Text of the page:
Get Involved: Neighborhood Empowerment Team: youtube.com/watch?v=a9MTx_HNKm0

Common Questions

NET Captains are the student leaders of their community that work, in collaboration with their RA, to build a welcoming, inclusive, and safe environment on their floor. They have the opportunity to host Student Initiated Programs (SIP), encourage other students to join committees, and advocate for the needs of those who live on their floor.

NET Challenges are monthly activities for community bonding and to help students connect to University, community, and floor events! Each month, a new challenge will be revealed and floor communities are expected to collaborate to achieve the goal of the challenge. RA staff will announce the challenges during community meetings and work with the NET Captain(s), NET Floor Representatives, and members of the floor community to implement the Challenge.

Student Initiated Programs

Are you looking for an opportunity to host an event for your community? Check out our Student Initiated Programs (SIPs)! Hosting a Student Initiated Program is a great way for you to have a positive impact on your community and grow in your own skills. Funding (up to $40) for this program is available through an easy request process. If you’d like to plan and host your own event, talk to your RA or Residence Hall Coordinator.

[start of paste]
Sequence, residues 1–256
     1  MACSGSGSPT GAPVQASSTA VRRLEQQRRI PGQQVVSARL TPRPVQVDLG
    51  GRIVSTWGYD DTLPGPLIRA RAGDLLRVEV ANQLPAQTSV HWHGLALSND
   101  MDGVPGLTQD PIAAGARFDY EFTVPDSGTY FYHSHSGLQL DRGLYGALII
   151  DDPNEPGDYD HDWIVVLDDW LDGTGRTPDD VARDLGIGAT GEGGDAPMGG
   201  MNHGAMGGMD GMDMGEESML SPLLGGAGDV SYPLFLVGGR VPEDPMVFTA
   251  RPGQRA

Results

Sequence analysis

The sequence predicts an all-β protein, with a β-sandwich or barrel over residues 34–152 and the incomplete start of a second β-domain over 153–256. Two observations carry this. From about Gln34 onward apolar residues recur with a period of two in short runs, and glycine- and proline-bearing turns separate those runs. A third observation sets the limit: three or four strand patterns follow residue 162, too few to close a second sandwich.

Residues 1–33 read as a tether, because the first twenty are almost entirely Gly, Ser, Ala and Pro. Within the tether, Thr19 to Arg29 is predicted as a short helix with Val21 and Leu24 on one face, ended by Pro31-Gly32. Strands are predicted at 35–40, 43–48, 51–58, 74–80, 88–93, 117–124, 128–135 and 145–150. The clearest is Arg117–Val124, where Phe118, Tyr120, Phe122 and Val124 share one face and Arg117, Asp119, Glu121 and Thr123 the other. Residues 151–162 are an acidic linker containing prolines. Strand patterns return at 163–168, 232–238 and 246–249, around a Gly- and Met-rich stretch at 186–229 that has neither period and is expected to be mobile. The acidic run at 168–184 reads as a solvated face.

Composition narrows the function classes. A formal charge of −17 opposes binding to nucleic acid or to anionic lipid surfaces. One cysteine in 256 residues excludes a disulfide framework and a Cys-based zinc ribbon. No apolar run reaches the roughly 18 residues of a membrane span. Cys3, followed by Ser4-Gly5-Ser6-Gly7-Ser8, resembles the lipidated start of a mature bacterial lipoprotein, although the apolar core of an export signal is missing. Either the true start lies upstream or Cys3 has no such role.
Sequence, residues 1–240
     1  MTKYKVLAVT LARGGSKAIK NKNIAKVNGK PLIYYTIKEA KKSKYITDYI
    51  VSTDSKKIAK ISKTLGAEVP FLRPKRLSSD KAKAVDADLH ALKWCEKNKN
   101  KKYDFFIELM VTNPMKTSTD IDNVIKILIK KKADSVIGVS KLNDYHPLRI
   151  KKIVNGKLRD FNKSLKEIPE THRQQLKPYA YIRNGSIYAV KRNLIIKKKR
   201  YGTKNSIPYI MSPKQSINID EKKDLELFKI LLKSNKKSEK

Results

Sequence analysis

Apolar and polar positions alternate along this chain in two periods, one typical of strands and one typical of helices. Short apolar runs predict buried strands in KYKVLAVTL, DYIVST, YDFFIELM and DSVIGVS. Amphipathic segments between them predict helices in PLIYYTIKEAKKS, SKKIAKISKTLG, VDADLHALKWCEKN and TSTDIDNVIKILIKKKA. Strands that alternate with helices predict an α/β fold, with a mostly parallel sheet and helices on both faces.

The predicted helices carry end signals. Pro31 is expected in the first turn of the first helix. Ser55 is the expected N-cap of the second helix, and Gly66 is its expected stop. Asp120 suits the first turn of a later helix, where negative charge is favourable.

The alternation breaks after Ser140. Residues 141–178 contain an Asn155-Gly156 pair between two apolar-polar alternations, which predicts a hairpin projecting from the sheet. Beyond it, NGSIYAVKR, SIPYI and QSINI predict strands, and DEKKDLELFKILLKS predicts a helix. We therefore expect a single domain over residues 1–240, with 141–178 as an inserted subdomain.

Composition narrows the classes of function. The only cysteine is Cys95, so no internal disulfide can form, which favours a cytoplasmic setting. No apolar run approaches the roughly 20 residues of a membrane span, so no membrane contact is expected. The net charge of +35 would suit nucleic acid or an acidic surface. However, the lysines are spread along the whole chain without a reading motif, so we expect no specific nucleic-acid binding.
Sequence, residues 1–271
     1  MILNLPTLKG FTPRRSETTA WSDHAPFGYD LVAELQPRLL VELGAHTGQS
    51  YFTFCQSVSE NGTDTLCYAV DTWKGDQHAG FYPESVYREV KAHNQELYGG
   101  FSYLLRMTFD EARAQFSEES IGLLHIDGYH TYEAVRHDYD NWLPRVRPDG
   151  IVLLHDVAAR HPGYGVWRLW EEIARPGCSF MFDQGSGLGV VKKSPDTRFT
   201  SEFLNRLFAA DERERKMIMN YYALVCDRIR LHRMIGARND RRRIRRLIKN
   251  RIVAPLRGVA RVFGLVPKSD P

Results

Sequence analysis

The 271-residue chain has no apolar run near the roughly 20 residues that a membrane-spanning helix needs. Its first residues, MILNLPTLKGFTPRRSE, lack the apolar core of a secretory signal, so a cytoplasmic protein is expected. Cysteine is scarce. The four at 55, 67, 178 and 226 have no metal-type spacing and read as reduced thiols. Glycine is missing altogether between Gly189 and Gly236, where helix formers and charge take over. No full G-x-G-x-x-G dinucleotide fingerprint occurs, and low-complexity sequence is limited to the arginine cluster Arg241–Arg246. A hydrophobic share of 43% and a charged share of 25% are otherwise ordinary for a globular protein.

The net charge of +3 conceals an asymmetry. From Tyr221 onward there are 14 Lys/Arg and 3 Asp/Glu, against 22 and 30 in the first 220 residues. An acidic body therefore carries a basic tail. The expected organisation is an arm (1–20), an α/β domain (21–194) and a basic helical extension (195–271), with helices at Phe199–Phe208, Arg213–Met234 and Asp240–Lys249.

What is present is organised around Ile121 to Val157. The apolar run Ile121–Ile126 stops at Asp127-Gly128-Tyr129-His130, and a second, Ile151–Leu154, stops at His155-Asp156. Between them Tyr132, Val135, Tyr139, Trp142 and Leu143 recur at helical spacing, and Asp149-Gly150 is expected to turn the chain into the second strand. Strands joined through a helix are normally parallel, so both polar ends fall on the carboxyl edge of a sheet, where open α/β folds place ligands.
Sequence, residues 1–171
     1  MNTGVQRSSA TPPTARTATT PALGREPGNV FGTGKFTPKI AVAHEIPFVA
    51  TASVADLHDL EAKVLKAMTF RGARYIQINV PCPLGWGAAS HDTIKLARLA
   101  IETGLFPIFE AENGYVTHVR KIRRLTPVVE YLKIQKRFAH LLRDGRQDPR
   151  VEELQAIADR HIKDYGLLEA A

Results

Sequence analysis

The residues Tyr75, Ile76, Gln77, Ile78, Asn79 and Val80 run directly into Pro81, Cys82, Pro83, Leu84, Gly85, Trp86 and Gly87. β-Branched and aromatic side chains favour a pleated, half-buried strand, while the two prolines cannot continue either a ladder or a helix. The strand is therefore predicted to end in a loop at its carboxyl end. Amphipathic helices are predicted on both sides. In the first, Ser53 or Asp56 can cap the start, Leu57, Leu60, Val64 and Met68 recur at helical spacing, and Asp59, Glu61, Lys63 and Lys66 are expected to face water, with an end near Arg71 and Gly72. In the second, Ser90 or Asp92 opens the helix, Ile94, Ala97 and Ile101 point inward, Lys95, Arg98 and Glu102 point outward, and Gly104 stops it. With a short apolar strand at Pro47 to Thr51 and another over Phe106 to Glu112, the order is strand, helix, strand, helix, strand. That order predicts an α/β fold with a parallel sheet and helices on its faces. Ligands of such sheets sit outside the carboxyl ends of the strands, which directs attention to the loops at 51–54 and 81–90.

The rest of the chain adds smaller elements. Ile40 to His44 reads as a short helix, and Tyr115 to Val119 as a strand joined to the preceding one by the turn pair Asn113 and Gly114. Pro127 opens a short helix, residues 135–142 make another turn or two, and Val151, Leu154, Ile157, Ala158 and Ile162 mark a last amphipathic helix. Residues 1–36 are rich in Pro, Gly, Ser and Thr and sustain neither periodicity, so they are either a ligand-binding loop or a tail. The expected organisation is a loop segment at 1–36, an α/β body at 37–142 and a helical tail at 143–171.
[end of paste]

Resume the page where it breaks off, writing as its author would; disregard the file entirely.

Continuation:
Get Involved: Student Initiated Programs: youtube.com/watch?v=JZ-7XwA2haY

Want to submit a program for your community? Click on the links below!

Follow your community on Instagram!


Building Name Instagram Account 
George Read @GeorgeReadRLH
Redding @LouisReddingRLH
Gilbert @GilbertRLH
Russell @RussellRLH
Smyth @SmythRLH
Lane & Thompson        @lanethompsonRLH
South Academy @SouthAcademy
Caesar Rodney @CaesarRodneyRLH
James Smith, Thomas McKean   @SmithMcKean
Ray Street @RayStRLH
North Central @NorthCentralRLH
South Central @SouthCentralRLH
Independence @IndyRLH
Apartments @RLHApartments

Many of our buildings on campus maintain an Instagram account to highlight events and share student recognition. Once you get your building assignment, be sure to follow your building Instagram account for updates!